History of the Orange County Seal

The orange tree on the County Seal of Orange County, NY can be traced to 1691, eight years after the original 12 counties of the Province of New York were chartered as possessions of England. The choice to use the symbol of the orange fruit (an exotic citrus to the New World at that time) is unknown but the use of the word "orange" is a reference to a member of the British royal family. In 1683, the Prince of Orange was the Stadtholder of Holland. He then went on to become William III, King of England, upon his marriage to Queen Mary II in 1689.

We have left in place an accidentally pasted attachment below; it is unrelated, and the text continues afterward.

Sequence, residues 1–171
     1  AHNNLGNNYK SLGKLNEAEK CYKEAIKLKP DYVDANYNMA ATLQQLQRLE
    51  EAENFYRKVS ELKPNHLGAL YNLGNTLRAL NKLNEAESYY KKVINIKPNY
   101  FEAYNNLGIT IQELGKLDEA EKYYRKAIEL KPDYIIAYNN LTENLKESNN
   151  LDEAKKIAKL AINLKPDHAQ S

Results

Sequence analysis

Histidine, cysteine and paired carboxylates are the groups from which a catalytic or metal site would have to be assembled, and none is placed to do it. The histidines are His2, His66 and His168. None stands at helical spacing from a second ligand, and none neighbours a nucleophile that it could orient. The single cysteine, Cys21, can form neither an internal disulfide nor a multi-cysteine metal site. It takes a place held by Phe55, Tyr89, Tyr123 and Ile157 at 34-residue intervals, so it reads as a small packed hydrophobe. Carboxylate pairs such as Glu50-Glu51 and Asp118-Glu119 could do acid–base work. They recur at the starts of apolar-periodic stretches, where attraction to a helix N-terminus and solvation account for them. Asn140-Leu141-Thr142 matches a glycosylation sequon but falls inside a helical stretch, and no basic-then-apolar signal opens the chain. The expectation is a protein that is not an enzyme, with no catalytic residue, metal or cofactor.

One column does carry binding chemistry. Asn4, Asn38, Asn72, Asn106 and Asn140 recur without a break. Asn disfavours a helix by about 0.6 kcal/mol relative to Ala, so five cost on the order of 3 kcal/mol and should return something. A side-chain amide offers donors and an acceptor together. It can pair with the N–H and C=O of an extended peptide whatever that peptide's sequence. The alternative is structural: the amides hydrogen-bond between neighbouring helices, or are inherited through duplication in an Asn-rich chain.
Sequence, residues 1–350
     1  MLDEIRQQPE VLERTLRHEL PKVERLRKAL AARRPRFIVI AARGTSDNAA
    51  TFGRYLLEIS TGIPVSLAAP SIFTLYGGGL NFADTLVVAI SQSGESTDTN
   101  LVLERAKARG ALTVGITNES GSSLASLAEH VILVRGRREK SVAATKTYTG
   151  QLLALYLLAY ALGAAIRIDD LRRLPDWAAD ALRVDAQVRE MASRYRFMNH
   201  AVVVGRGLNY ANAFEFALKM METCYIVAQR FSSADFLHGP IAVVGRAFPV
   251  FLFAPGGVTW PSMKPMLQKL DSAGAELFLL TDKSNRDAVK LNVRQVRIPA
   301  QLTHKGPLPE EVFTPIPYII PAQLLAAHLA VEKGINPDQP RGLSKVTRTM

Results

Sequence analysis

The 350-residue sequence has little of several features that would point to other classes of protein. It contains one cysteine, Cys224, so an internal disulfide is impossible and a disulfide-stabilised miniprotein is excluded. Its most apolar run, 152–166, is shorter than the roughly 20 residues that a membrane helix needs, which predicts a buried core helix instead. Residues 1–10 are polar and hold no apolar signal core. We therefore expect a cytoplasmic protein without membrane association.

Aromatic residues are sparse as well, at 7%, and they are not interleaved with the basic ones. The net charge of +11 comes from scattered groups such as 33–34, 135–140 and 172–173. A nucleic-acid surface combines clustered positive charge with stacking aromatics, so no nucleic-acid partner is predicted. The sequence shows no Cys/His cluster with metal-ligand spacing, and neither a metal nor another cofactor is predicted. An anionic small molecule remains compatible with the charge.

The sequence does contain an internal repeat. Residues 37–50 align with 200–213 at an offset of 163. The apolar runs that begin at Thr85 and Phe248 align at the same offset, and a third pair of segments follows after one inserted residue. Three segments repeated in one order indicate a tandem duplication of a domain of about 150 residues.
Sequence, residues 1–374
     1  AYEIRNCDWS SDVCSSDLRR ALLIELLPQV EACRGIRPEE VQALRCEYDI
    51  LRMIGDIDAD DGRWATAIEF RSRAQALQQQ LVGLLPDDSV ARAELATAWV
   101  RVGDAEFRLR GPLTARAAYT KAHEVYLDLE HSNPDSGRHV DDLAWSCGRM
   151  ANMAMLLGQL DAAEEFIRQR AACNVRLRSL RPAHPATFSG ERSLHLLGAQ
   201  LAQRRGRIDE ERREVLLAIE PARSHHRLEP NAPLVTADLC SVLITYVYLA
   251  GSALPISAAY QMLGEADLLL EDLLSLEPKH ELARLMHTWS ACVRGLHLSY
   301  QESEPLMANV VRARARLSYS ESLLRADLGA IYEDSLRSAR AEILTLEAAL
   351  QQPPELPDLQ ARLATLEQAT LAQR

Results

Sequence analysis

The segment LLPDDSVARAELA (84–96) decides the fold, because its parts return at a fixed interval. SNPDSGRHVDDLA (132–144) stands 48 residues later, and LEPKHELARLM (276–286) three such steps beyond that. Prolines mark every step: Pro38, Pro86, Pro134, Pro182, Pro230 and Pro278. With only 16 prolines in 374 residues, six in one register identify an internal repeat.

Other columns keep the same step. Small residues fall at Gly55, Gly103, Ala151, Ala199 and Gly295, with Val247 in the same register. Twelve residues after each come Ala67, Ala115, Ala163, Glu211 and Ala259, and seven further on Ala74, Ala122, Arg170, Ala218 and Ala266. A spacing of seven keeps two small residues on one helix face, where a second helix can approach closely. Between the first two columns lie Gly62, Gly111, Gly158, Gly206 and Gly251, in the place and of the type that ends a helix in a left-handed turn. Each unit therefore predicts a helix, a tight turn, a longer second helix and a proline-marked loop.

​The earliest orange tree appears as a County Clerk's seal on official documents. Thereafter, each County department designed it's own seal, so over time we see a variety of official seals representing Orange County in the 17th century. An early Supervisor's seal had an image of an eagle and the original Treasurer's seal had an agricultural scene with a woman milking a cow. It's not known why the orange tree persisted but in the mid-20th century, so the story goes, an old hand sewn flag hung in the County Courthouse featuring and image of the orange tree which, it is believed, served as the inspiration for our contemporary incarnation. The seal depicted throughout this website was officially made the Orange County seal in 1970 when the current charter was passed.